Sometimes life just gets in the way. Work schedules, family obligations, and unforeseen circumstances can make going to the doctor an inconvenience rather than a helpful necessity. It’s not uncommon for patients to forget or intentionally skip appointments, cancel unexpectedly, or even put off scheduling necessary follow-up visits.
But patients don’t have to neglect their healthcare just because of a hectic work schedule or a last-minute meeting. Telehealth is emerging as a convenient alternative to traditional in-person office visits. In today’s smartphone-centric lifestyle, telehealth offerings can help meet consumer demand for greater flexibility, giving patients and providers a way to connect regardless of where they’re at, whenever needs arise.
Between 2014 and 2018, telehealth usage outside of hospitals went up almost 1,400 percent, according to a survey by the nonprofit FAIR Health. Despite this meteoric growth, the use of telehealth for remote clinical services has yet to reach wide-spread adoption, with only about 15 percent of physicians working in practices that use telemedicine for a wide spectrum of patient interactions. Plus, many patients are unclear about their telehealth access. In fact, JD Power found that only about 1 in 10 consumers are using telehealth today.
However, projections show that telehealth will continue to surge rapidly, particularly as the technology becomes more widespread and both patients and providers become more comfortable with its use. Estimates say telehealth will be a $13 billion market in the United States by 2023. Therefore, practices that haven’t yet adopted telehealth will face very real challenges in the not-too-distant future. Competition for patients will become fiercer, revenues will decline, patients will move to different practices that offer virtual options, and they’ll find it more difficult to attract new patients.
Telehealth – An Effective Alternative to In-person Consults
Forward-looking practices are successfully using telehealth in lieu of in-person consults. One such provider is Andrew Barbash, MD, an active telemedicine neurologist in Maryland. By using Updox Video Chat, Dr. Barbash has been able to cut down on needless office visits, save time and money, and make it more convenient for his patients to receive care. And leveraging video, instead of a phone call, is proven to increase patient engagement and result in a stronger, more personal connection between patient and provider.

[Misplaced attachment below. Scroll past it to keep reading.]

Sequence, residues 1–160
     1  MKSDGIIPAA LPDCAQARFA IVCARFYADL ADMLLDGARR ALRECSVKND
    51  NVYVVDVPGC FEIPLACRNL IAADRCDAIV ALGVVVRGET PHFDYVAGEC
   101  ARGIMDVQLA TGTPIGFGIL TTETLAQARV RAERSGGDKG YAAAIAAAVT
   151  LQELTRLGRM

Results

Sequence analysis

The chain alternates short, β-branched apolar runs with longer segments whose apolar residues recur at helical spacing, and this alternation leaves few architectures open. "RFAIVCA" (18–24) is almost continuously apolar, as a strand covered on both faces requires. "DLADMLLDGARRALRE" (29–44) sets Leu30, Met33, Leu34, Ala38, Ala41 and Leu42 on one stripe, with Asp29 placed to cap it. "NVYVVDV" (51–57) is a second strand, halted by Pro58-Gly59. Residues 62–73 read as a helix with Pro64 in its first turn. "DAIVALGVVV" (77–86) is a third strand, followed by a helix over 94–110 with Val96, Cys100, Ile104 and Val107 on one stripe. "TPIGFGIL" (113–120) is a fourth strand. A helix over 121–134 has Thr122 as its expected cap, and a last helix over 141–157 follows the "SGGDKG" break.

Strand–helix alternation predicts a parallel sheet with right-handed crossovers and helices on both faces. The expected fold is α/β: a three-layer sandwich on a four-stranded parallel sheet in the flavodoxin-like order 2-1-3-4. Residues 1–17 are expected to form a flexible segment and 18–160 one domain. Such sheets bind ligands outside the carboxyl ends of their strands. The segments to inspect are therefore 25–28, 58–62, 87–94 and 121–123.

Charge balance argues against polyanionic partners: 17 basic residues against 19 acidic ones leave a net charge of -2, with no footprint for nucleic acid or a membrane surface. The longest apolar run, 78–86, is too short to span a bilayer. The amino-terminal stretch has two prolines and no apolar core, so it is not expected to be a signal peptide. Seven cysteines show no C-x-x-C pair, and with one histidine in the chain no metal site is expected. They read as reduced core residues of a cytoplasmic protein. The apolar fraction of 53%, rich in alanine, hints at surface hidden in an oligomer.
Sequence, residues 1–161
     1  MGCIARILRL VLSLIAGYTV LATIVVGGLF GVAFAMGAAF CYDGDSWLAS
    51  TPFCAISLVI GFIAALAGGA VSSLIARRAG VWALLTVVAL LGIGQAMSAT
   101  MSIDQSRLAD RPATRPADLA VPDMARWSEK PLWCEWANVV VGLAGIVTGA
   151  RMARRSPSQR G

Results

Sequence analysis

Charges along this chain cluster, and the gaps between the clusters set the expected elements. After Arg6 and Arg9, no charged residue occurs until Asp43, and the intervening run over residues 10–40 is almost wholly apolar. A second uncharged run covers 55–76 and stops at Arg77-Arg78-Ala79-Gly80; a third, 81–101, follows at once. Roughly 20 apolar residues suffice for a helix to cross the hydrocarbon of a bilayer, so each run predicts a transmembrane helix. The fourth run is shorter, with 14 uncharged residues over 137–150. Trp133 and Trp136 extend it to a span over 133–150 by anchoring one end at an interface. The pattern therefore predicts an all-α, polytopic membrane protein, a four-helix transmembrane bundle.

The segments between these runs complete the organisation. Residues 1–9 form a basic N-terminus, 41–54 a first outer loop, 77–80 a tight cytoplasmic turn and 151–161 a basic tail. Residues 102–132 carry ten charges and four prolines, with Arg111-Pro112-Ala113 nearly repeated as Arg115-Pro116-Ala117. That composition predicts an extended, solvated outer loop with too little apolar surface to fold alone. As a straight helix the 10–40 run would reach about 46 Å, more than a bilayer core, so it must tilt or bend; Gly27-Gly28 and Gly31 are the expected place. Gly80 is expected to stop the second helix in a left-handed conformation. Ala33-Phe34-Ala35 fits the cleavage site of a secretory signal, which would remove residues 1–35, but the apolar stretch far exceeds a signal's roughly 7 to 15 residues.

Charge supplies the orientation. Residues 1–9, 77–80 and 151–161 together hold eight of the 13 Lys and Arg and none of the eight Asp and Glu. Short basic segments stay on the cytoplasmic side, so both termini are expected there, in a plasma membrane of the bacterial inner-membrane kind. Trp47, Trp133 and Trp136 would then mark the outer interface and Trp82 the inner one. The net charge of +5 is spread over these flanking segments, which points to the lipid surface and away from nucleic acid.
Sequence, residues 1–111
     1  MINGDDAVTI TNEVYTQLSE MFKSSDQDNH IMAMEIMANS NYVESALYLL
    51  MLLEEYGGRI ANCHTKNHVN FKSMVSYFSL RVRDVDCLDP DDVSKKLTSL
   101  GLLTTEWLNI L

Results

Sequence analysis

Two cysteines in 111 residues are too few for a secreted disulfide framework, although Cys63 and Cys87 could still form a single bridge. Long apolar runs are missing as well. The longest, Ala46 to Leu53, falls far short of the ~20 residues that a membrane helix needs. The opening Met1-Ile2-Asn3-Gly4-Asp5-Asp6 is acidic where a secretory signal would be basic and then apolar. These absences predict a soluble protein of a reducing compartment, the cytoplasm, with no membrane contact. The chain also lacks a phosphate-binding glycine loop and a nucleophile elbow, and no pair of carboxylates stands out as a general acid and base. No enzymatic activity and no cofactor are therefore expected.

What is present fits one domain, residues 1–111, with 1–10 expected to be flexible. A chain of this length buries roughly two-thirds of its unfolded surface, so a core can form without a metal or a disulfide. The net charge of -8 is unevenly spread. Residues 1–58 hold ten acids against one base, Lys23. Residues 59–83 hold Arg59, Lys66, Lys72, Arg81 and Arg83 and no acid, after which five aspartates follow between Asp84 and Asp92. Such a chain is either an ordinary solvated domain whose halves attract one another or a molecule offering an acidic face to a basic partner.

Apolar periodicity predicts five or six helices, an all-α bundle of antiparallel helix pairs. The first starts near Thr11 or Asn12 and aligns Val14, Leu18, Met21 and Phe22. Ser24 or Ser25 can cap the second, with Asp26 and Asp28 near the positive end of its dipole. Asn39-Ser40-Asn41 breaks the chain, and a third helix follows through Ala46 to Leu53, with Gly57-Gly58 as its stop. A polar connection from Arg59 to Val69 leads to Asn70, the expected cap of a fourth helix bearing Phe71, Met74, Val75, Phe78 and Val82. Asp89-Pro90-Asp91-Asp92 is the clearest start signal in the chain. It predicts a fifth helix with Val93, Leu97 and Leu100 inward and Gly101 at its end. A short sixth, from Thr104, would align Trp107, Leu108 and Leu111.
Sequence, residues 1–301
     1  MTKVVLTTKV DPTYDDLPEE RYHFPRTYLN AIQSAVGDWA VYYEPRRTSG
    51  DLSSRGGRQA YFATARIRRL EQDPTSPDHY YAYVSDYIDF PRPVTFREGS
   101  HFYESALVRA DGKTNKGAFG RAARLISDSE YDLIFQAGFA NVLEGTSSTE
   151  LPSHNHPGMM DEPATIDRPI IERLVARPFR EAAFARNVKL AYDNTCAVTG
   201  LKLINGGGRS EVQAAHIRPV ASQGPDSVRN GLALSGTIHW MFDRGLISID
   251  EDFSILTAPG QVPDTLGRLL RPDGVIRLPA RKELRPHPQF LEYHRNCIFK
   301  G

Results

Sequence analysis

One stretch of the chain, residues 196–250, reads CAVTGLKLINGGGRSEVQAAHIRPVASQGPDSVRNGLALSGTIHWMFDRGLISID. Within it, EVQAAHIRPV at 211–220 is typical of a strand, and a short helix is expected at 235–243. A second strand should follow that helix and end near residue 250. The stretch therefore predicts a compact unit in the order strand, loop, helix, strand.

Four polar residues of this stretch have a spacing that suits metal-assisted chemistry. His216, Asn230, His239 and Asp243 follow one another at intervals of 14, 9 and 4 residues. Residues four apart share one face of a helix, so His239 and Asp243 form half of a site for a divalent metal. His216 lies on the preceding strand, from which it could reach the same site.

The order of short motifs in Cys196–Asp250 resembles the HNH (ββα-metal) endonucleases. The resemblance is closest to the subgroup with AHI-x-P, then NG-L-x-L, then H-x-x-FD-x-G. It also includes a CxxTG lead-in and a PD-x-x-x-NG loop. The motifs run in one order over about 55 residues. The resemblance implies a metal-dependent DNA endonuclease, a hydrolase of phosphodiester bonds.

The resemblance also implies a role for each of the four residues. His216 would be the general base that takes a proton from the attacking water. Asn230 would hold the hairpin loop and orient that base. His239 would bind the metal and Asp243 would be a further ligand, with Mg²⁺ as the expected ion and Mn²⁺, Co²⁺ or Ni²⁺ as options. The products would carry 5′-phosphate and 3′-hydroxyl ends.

“Patients are amazed by how easy [telehealth] is to use and that it is private and secure […] it’s also personally satisfying to connect in a way that is so user-friendly,” he said.
In fact, a majority of patients would welcome a telehealth offering. About 74 percent of patients say they are comfortable with communicating with their doctors using technology instead of seeing them in person. Replacing office visits is just the starting point for telehealth. Many new use cases are emerging as the sector evolves away from its historical fee-based structure. New applications are showing great potential as alternatives for remote monitoring and in-person consults to support value-based care and overall population health goals.
One way telehealth can be used is for post-operative care. For example, a patient is at home, recovering from surgery to remove a ruptured appendix. Because she is still feeling more discomfort than expected, she schedules a virtual call with her physician. They discuss her concerns, and as a precaution, he moves up her follow-up appointment by several days, potentially avoiding an unnecessary trip to the emergency room.
Practices that have already started experimenting with these types of new telehealth use cases will have a distinct advantage over those lagging behind this fast-emerging trend.
Telehealth Solutions Work When They Are Simple and Convenient
The most effective telehealth solutions need to be easy to use and convenient – for both patients and providers. Neither will adopt new solutions if they work only with special equipment, such as video carts, or require users to download proprietary software. To deliver the most impact, telehealth should operate in concert with other patient engagement tools, like messaging applications or online portals, and work from a shared platform that integrates with other practice technologies, such as provider communications or document management.
When combined with secure text messaging, telehealth can go a long way in helping lower care costs. The combined power also can make patient care and communication more effective, engaging and timely, resulting in a richer overall experience. As Dr. Barbash said, “I just need a cell phone number and, from there, I can text anyone a link. They click that and we’re able to securely video chat. It’s that simple.”
Practices that put off implementing telehealth solutions face a more uncertain future, as patients will move to providers that offer greater flexibility and convenience, and can support their healthcare with services anytime and anywhere.
About Michael Morgan, CEO of Updox
Michael Morgan is the CEO of Updox, a Dublin, OH-based provider of a unified collaboration platform where all their external communications and patient engagement activities are managed from one central location. With a successful track record in helping organizations use technology to transform the way healthcare is delivered, Mike has more than 25 years of healthcare leadership within the software, behavioral health, and HIT organizations. Updox was named to the Inc. 5000 list of fastest-growing companies in America for the past five consecutive years.